The AT&T U-Verse device is one that doesn't need to be hooked to a cable jack to work as it works over wifi. However you do still have to hook up the HDMI to the TV.
Now if it has a RF remote like a lot, but not all providers have for their service, at the very least most offer options with an IR extender.
You could get away with having power behind the tv and just using some industrial strength velcro and sticking the cable box to the back of the tv and just hiding the wires behind the tv. I have done that for friends of mine before who wanted a very clean install.
The Chromecast device looks like it would do all your blueray player would do, well you know, except playing bluerays. That looks like something I would do, since it's brought up, I may snag one for myself soon.
I was looking for a better option than using my 360 and paying for Gold just to use the streaming features since I don't do online gaming anymore.
The setup I currently have is a 55" LG LCD on the wall above my fireplace. I then have a vertical entertainment center to the side of the fireplace, this houses my cable box, game systems, power strip, router, etc, as well as obviously movie and game storage.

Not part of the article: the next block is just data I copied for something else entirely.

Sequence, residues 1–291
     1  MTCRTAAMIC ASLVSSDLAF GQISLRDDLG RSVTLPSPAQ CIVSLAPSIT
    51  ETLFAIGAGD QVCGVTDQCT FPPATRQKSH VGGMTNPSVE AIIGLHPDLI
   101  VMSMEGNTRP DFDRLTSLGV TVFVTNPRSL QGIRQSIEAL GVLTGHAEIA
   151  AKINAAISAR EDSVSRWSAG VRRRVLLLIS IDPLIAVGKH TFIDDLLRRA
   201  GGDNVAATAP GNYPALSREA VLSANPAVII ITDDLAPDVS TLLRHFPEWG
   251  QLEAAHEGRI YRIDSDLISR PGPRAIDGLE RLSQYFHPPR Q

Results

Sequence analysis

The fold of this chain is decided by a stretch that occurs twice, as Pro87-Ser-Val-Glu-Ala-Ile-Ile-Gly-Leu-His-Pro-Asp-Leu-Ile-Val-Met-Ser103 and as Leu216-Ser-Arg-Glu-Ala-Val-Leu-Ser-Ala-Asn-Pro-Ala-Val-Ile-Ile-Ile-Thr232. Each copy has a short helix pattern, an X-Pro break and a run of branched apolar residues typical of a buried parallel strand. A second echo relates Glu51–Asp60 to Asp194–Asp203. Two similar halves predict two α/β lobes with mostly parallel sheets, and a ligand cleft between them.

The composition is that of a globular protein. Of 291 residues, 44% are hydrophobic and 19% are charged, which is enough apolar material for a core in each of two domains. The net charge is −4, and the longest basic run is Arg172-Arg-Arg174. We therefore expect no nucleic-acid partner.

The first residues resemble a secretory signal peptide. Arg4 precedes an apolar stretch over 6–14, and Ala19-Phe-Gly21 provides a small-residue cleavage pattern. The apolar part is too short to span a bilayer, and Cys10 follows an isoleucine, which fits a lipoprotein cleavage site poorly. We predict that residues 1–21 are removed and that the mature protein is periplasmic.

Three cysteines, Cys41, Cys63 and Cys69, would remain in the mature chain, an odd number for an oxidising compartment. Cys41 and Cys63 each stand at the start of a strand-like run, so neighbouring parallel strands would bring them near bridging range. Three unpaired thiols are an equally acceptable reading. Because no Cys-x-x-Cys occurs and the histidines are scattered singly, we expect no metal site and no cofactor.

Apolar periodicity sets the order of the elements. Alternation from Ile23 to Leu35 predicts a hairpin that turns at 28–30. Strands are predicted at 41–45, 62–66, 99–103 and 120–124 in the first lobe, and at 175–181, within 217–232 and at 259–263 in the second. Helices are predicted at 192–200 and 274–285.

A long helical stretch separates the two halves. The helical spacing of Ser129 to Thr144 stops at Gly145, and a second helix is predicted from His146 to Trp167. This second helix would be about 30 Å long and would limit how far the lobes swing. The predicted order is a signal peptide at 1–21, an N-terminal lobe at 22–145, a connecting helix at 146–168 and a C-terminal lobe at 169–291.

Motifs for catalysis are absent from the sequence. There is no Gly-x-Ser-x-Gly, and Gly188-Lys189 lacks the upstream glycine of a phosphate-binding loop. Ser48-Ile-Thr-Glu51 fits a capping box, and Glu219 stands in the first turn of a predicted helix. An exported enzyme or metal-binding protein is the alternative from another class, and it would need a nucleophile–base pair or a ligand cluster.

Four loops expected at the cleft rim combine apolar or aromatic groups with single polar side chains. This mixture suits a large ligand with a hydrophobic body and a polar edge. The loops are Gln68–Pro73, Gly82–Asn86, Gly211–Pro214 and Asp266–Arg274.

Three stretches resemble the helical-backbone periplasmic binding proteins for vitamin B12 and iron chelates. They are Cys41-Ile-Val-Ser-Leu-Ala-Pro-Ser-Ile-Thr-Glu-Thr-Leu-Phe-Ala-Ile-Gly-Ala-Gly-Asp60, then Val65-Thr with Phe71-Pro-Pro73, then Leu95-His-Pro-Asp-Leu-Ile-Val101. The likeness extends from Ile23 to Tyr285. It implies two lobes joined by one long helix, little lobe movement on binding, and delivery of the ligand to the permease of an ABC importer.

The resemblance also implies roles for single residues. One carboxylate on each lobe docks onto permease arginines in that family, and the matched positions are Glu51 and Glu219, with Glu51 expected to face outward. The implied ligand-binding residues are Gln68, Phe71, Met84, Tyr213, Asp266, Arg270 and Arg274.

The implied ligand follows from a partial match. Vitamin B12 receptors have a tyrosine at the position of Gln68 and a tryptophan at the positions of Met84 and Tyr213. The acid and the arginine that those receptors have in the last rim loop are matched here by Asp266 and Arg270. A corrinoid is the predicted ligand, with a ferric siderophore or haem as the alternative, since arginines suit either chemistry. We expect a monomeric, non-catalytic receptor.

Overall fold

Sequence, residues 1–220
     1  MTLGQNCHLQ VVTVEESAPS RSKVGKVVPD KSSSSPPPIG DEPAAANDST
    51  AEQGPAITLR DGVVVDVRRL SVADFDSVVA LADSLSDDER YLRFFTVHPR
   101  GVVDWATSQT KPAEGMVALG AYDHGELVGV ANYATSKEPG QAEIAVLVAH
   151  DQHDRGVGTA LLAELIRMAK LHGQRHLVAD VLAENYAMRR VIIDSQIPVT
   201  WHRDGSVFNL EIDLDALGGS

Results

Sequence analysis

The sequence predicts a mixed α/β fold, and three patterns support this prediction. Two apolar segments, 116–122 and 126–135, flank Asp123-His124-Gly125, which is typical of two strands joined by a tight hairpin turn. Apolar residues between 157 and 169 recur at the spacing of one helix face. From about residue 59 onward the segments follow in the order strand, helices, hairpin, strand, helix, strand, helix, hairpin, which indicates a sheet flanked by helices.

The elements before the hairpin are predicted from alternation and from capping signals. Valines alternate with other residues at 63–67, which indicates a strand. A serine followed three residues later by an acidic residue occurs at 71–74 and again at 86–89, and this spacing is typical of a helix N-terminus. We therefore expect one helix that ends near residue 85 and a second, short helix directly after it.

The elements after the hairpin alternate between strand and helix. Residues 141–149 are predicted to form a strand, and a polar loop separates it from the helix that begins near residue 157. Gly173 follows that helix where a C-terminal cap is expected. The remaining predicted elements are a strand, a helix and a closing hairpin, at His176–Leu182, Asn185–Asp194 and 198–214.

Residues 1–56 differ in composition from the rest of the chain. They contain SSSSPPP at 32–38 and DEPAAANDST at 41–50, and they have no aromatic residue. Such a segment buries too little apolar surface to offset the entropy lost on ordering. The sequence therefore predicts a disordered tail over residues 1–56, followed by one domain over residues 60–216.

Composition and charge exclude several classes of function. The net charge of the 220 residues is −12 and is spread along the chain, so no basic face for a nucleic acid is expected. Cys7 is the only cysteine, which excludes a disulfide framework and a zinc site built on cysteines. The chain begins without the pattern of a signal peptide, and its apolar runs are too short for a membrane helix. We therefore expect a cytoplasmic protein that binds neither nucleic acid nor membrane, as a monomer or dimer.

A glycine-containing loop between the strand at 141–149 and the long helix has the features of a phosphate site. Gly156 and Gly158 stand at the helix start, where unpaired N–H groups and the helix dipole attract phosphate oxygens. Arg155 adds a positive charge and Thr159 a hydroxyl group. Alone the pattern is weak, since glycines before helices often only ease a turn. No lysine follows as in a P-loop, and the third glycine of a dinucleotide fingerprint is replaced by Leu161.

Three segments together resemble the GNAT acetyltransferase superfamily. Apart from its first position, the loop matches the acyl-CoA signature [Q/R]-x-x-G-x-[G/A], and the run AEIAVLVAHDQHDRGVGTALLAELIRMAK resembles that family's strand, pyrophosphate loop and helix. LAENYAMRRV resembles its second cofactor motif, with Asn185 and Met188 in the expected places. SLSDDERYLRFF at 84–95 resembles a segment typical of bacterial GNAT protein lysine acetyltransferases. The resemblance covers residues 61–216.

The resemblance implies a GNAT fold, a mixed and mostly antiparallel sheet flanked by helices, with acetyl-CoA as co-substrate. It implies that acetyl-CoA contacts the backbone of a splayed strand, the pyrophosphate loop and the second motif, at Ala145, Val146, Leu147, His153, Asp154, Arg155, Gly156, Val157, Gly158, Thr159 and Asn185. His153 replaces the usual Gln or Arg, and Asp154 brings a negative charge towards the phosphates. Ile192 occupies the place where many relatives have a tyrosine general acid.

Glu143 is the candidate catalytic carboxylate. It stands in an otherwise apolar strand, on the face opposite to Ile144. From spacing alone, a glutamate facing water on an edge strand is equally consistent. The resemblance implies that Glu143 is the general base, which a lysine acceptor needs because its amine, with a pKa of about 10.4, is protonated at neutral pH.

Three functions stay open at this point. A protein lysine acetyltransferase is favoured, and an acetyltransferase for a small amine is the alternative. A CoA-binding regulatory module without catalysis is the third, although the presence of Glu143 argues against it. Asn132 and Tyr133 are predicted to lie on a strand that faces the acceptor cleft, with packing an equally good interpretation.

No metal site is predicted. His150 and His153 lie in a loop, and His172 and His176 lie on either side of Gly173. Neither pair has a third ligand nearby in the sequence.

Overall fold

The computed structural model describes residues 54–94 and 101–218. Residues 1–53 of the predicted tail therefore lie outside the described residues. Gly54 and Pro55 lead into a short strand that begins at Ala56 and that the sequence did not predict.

I have the HDMI cables and the power cord running horizontally into the back of the entertainment center. You can barely see the wires since it is such a short run. I think there is about 12-18" between the edge of the TV and the entertainment center.
I have thought about covering it with some of that wire concealer strip, and have also played around with the idea of installing a power outlet behind the TV and using really long HDMI cables to go from behind the tv, up into the attic, and down to behind the entertainment center. The cost of long HDMI cables is what is keeping me on the fence from this, but it is definitely an option for installs like this.
If you did want to do a setup like in a closet, you can definitely do that. Fishing wire isn't all that hard if you have the right tools and enough cable. The HDMI cabling will definitely be the spendy part of the project depending on distance. Also if you do that, make sure to get and run wire for an IR extender. They have ones you mount in the wall next to the TV and relay the signal to a unit that directs the signal to whatever device you put the sending units on.
This is actually my line of work doing this stuff, so feel free to ask any more detailed, specific questions.
BTW: In theory, the wireless HDMI sending units work, in practice they aren't that great. Also I think for his application, it wouldn't help and have him in the same scenario since he would need power to the HDMI receiever and HDMI from there to the TV. The wireless box from at&t would do the same thing, but without the middleman.